Rare Earth Metals

You may not realize it, but the average American has become highly dependent on Rare Earth Metals for many aspects of their daily life.  However, the future availability of these metals may be at risk due to a variety of factors including consumption rates of an increasing global middle class as well as geopolitics.

Rare earth elements are all metals and are a group of seventeen chemical elements consisting of yttrium and the 15 lanthanide elements (lanthanum, cerium, praseodymium, neodymium, promethium, samarium, europium, gadolinium, terbium, dysprosium, holmium, erbium, thulium, ytterbium, and lutetium). Scandium is found in most rare earth element deposits and is sometimes classified as a rare earth element.  Counter to their name, Rare earth metals are not so rare in the environment.  They were given their name because the metals are very difficult to mine economically since it rare to find them in concentrations high enough for economical extraction.

Consumers depend on rare earth metals (REMs) for products used everyday including smart phones, health care products, fluorescent lighting, computer memory, DVD's, rechargeable batteries, car catalytic converters, magnets, fluorescent lighting, and much more.  The demand for REMs has skyrocketed with technological advances including electric vehicles and electronics.  Tiny amounts of rare earth metals are used in most small electronic devices. These devices have a short life-span and REE recycling is infrequently done. Billions are thrown away each year.  Renewable energy projects including wind turbines are highly dependent on REMs for their magnets.   Some large turbines require two tons of rare earth magnets.  The Department of Defense is also highly dependent on REMs for technologies including night-vision goggles, alloys for armored vehicles, projectiles and precision-guided weapons.  Examples include:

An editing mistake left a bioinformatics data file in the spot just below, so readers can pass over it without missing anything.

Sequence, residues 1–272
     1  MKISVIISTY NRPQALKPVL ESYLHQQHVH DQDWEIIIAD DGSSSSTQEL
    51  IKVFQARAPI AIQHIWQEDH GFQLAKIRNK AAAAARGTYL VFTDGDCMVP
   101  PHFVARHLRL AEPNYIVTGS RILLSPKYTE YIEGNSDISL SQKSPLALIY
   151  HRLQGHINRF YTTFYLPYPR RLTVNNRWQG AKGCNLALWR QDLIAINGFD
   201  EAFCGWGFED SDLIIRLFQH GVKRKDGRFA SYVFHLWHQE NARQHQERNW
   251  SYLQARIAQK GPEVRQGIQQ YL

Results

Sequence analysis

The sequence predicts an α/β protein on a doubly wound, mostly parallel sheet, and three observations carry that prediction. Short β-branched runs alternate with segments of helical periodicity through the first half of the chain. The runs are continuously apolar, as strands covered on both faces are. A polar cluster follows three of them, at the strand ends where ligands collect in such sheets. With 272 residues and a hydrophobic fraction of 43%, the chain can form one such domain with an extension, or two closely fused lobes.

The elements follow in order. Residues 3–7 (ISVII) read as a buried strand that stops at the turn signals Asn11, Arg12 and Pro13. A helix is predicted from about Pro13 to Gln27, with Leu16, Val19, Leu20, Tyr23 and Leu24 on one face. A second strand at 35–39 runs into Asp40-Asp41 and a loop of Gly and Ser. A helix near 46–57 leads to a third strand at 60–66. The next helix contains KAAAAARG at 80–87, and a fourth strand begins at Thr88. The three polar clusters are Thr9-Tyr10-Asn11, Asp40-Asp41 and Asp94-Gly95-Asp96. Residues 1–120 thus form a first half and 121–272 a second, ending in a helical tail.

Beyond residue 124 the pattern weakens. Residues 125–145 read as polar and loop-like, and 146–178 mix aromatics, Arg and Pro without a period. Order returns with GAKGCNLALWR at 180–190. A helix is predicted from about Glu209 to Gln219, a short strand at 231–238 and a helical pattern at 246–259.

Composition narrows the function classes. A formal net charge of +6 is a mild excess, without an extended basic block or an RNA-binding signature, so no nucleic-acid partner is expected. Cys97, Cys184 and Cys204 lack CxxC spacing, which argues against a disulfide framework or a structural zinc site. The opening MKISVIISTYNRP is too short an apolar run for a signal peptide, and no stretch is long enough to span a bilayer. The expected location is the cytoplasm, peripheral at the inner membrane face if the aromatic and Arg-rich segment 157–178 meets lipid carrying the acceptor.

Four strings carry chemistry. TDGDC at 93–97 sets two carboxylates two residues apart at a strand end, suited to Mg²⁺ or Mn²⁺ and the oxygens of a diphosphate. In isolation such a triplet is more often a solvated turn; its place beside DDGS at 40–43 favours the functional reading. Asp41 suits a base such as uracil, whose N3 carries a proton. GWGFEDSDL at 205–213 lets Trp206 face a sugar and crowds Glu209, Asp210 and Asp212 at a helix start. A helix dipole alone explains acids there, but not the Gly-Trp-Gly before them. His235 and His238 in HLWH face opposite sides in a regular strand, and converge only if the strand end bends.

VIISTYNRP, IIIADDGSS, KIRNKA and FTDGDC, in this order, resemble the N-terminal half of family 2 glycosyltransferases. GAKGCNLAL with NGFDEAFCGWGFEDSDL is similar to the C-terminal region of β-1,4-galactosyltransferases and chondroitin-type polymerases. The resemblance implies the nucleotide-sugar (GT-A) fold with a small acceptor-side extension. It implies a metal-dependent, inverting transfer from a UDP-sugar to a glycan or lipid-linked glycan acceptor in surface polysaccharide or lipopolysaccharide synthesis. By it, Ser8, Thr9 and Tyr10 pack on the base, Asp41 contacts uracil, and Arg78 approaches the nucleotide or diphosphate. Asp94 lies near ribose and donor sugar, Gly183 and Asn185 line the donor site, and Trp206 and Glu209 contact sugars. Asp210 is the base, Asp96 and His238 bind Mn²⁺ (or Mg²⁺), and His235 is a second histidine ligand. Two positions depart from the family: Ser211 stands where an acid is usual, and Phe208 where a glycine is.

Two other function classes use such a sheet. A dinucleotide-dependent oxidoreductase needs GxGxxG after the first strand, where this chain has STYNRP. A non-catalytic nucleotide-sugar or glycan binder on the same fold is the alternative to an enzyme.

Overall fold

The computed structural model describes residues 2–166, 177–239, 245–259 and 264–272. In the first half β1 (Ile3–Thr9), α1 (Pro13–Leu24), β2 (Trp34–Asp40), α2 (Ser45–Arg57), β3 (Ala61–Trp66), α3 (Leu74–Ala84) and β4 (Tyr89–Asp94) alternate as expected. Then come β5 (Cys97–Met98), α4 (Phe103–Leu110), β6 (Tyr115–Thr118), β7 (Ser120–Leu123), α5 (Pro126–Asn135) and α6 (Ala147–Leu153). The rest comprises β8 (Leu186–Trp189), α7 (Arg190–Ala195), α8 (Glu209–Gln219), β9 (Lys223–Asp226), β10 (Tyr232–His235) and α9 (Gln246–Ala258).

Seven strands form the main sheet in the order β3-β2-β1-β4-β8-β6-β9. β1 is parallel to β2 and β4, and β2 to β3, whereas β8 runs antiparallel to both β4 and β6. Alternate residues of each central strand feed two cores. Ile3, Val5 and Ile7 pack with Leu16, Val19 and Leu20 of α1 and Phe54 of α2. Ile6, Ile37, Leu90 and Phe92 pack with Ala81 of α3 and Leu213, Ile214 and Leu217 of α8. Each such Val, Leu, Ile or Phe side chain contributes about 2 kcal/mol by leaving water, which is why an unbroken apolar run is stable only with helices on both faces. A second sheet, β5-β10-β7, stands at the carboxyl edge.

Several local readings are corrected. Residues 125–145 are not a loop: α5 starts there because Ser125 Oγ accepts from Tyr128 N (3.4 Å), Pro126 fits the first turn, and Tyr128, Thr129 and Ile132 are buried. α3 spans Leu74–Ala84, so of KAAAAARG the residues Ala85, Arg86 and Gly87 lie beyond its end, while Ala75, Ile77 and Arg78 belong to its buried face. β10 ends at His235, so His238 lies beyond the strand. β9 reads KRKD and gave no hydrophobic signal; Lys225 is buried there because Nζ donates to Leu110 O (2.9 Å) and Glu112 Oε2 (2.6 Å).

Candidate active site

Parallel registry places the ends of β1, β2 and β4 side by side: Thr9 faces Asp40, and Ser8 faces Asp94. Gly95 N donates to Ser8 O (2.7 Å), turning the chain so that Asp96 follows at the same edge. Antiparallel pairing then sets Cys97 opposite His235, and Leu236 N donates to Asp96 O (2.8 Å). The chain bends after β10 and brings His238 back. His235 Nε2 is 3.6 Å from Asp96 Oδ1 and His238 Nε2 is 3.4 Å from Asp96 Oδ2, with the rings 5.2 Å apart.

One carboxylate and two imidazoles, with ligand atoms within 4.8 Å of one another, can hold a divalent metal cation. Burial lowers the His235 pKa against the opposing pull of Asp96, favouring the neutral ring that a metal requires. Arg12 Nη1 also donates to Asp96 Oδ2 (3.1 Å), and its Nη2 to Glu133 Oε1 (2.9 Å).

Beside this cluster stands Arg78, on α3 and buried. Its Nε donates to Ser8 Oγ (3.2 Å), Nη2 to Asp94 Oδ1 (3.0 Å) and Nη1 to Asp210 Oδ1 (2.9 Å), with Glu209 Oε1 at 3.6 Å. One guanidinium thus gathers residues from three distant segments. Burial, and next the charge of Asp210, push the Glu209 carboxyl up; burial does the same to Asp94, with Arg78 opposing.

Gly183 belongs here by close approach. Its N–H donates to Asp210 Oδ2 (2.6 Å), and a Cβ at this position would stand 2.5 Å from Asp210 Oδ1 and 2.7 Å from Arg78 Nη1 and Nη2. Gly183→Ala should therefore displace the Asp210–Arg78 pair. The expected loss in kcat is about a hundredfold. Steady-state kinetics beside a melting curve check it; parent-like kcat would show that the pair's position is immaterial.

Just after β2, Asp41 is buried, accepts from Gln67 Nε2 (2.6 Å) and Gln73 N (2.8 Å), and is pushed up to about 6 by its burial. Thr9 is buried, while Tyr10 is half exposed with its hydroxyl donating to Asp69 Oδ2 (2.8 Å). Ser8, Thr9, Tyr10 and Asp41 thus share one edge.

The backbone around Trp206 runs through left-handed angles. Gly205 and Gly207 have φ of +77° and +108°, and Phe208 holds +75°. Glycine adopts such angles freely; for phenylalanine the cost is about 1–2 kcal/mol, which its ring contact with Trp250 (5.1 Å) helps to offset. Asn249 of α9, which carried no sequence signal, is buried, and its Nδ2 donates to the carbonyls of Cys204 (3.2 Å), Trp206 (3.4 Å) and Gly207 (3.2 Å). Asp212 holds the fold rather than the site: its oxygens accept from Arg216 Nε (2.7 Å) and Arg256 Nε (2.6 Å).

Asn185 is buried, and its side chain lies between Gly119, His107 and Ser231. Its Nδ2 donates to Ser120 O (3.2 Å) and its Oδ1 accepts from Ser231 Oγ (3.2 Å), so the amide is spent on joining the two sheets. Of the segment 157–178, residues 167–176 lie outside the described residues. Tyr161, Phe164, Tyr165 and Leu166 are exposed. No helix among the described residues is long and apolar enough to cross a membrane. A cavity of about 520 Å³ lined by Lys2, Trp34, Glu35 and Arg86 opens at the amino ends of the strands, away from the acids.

• Lanthanum-night vision goggles
  • Neodymium-laser range finders, guidance systems and communications
  • Europium-fluorescents and phosphors in lamps and monitors
  • Erbium-amplifiers in fiber-optic data transmission
  • Samarium- magnets for high temperatures & precision guided weapons


The World is Dependent on China

China is the dominant producer and user of rare earth elements and is believed to be responsible for over 95% of the world mine production on a rare earth oxide equivalent basis.  It now consumes over 65% of global output.  In 2010, China decided to reduce exports by 40%, which had an initial price spike impact.  However, it also served to reduce demand to the high costs, which resulted in China increasing exports.  In the United States, Molycorp is opening up the Mountain Pass mine in California to provide additional REM resources.


For further information see:  http://minerals.usgs.gov/minerals/pubs/commodity/rare_earths/